But what's crazy is it's like, "Yeah, but I wasn't gonna be doing that for another year." 'Cause I was answering other questions that have already come up. Like Greg and I were talking about this morning, I've already had people it's like, I'm teaching a and it's not working. I've had curating opportunities; I don't understand what it is. So I've been addressing these little problems and I keep getting more people asking me the bigger problems and like I'm packing to come here and a friend had a $25,000 grant application and I'm sitting there. I'm like, "Seriously, oh fine, just send it to me." And this is my accountability buddy. I'm like, "You owe me. "And if you get the grant, we're going out to dinner."
Yeah, yeah. That brings up a great point which is that part of the resistance to streamlining your business can be that imposter complex piece. Like, "I was not planning on talking about it." But it's so true. You were thinking, "Oh, this is eventually "what I'm going to get to. "This is a year out; this is two years out; "this is five years out." There is no better time to focus on your highest contribution than right now. And so many of us, digital small business owners, are putting off making our highest contribution because we just are trying to make ends meet. We're just trying to piecemeal things together. And I'm asking each and every one of you, each and every one of you, to decide today, "This is going to be my highest contribution "and I'm all in. "I'm all in, yeah."
So with the next two days, we're working through the process. 'Cause I hadn't figured out how I was gonna do it. I mean, I knew the concept, but I wasn't sure what it would look like as the product itself. And that's why I was thinking it would be a year out. Because I understand the need, so I understand the hole. I've heard the questions. I know what people do but I hadn't figured out what the product itself pulls together as.
Yes, so we're not necessarily going to talk about what the product itself looks like. Because that is a "depends" answer. That is up to you to create and innovate on. I will help you find and refine the hole, the opportunity. And when you find that opportunity, it starts to shape that product. And so actually this piece of it: defining what the hole is, defining your unique selling proposition, defining your value proposition. Even though it feels like, "Well I need to know "what the product is before I can do these things." No, you do not need to know what the product is first. You do not have to have the product built to say, "This is the value proposition "I'm gonna go to market with." And defining that value proposition, defining the hook behind that product is going to help you give it shape. So everything that we're doing is sort of the framework for creating the what it looks like without actually answering that question. Make sense?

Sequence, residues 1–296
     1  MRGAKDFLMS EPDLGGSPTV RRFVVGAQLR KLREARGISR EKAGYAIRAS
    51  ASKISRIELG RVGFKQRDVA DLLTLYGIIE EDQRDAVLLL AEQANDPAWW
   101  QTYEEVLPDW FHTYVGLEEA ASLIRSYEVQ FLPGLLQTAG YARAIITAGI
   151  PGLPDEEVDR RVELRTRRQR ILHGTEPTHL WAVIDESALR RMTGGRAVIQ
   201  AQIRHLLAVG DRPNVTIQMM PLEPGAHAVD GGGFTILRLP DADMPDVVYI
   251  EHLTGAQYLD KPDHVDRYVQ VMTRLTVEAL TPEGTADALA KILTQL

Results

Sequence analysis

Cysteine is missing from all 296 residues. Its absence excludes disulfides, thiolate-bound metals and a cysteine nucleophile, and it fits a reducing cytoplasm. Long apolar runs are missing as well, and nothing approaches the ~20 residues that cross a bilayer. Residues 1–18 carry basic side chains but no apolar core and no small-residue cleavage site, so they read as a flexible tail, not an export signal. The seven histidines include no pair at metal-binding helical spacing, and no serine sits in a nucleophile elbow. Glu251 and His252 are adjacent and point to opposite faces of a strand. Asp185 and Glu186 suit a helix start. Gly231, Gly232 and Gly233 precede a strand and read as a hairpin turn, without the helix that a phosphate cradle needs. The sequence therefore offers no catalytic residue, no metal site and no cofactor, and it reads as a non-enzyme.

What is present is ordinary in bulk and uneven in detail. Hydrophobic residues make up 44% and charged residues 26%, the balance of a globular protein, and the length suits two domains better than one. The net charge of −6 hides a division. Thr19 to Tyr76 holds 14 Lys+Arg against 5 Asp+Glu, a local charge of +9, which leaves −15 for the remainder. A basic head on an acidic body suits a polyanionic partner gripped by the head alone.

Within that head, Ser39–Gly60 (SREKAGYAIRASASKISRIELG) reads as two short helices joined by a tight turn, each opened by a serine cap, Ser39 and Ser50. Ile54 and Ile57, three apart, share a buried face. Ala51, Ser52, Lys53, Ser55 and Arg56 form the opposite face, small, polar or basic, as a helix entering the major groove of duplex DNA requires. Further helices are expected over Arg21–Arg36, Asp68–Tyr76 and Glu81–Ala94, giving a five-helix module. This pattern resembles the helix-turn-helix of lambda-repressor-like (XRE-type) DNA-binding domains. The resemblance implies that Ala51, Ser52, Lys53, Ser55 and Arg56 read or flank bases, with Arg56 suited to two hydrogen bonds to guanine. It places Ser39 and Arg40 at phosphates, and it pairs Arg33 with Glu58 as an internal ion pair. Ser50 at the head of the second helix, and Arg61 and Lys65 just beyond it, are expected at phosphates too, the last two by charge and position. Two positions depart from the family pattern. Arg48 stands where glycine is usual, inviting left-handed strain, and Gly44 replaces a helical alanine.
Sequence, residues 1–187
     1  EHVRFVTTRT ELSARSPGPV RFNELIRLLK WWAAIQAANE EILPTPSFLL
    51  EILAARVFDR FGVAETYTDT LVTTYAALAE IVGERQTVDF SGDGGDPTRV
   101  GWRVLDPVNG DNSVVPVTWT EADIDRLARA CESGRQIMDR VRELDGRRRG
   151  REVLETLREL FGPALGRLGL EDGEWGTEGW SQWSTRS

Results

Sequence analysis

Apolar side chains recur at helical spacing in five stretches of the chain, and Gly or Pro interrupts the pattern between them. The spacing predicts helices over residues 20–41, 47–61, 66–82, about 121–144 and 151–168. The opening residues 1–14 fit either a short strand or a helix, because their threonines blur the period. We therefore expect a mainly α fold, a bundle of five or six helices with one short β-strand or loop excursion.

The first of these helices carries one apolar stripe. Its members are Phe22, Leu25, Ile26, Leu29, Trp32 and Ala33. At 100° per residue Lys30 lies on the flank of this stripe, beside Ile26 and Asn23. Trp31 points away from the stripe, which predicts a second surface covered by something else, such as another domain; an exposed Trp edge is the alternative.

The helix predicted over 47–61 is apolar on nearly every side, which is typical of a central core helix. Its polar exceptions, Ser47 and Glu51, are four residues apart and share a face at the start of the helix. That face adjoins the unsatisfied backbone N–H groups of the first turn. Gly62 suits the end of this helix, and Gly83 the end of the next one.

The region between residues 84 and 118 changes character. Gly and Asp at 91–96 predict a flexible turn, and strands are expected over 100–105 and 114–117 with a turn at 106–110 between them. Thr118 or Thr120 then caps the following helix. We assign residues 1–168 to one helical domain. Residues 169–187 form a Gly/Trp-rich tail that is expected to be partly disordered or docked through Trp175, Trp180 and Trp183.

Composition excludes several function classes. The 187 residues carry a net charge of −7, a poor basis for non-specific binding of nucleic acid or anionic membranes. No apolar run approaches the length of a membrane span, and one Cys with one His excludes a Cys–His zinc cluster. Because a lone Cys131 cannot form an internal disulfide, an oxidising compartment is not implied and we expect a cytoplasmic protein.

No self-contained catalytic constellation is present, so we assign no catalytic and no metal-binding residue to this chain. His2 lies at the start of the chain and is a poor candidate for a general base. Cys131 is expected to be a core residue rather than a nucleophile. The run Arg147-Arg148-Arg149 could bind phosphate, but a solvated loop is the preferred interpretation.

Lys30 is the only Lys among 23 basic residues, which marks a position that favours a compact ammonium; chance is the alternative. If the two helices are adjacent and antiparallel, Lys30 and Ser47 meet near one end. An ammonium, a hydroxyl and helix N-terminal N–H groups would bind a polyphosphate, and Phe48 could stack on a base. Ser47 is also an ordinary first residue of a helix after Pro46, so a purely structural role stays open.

Okay, cool. I like how much nodding there is here. We're gonna be creating that framework and answering that question without answering that question. So, if you at home, if you guys here are still thinking, "I know this is what my highest contribution is. "I know this is the tool I want to build "or the job that I want to help people get done. "I know what that thing is. "I just don't know what it looks like." Even though these next few exercises are gonna feel kind of conceptual and maybe like rushing things, or like, "What am I working with here?" What you're actually work with here is the framework for how you're going to define what that looks like, how you're going to develop and build that product. And so this process that actually feels like it's the end of the process is much better suited when it's the beginning of the process. When you get this stuff right first, building the product is easy. Like if you ask startup founders here in San Francisco which is harder: defining the value proposition and finding the opportunity in the market or writing the code. Like writing code to you might seem impossible, but let me tell you they could do that in their sleep. It's finding the opportunity and defining the value proposition that's hard. That's the hard part about a startup. That's the hard part about your company. Building the product, writing the code, writing the content, whatever it looks like for you, delivering the service, that's the easy part. That's the fun part. You already know you're awesome at that. You could do it in your sleep. We need to figure out how to sell it. We need to figure out why people need it. We need to figure out what the benefit of it is. That's the important part. Alright, and so that's what we're gonna be doing. But, we're just getting started. As I've been saying, all of this stuff is yet to come. This lesson is about breaking down that resistance. It's about figuring out, "Alright, I can do this. "I can streamline this business. "I can get focused. "I can get out of the junk drawer "and get down to my highest contribution." And that's why we're going to continue to build on what we did in this lesson as the lessons go on. So if you're ready to earn massive traction in your market ... Do you want massive traction in your market? Yeah, I thought so. Be ready to stand out from the competition? If you're ready to streamline your business operations to always know what you're selling and how it contributes to your mission, you are not going to want to miss anything that's coming up.